I know who I am, but who do they think I am? Muslim perspectives on encounters with airport authorities

Leda Blackwood, Nick Hopkins, Steve Reicher

Research output: Contribution to journalArticle

  • 36 Citations

Abstract

In this paper we report an analysis of individual and group interviews with thirty-eight Scottish Muslims concerning their encounters with authority – especially those at airports. Our analysis shows that a key theme in interviewees’ talk of their experience in this context concerns the denial and misrecognition of valued identities such as being British, being respectable and being Muslim. One reason why such experiences are so problematic concerns the denial of agency associated with being positioned in terms that are not one's own. The implications of these findings for understanding the dynamics of intergroup relations are discussed.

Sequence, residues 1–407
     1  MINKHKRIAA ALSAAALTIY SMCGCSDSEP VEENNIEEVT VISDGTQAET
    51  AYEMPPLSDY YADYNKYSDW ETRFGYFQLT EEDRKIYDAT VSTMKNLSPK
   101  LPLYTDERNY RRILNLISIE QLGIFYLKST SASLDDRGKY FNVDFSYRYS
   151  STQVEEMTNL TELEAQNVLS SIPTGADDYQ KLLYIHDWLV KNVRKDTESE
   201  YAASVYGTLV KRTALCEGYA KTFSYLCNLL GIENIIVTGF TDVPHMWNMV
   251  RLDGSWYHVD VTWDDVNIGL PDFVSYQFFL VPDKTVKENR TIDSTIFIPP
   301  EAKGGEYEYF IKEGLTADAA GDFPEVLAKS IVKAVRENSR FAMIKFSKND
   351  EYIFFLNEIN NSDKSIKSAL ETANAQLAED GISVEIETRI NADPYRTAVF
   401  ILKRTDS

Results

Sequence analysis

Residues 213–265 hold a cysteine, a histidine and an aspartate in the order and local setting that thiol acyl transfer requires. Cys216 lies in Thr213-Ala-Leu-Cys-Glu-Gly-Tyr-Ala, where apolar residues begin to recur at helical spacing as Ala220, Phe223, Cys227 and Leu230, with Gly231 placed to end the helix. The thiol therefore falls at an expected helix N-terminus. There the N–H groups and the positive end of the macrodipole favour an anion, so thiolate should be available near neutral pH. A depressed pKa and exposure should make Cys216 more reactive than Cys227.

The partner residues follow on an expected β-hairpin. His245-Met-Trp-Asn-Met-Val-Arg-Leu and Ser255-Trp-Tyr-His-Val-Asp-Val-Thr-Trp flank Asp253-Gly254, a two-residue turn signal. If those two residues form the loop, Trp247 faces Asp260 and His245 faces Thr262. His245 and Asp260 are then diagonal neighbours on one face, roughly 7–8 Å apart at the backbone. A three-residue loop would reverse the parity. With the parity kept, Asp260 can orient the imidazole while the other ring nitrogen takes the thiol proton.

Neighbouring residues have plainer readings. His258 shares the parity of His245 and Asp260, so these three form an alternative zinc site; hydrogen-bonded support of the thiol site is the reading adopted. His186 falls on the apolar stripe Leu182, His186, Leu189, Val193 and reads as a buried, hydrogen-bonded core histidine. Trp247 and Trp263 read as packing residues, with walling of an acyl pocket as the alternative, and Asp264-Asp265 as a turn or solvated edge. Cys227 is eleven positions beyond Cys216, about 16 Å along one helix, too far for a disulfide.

LanguageEnglish
Pages1090-1108
Number of pages18
JournalEthnic and Racial Studies
Volume36
Issue number6
Early online date30 Jan 2012
DOIs
StatusPublished - 2013

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airport
Muslim
experience
interview
Group

Keywords

  • social identities
  • national identity
  • social exclusion
  • Muslims
  • border surveillance
  • belonging

Cite this

I know who I am, but who do they think I am? Muslim perspectives on encounters with airport authorities. / Blackwood, Leda; Hopkins, Nick; Reicher, Steve.

In: Ethnic and Racial Studies, Vol. 36, No. 6, 2013, p. 1090-1108.

Research output: Contribution to journalArticle

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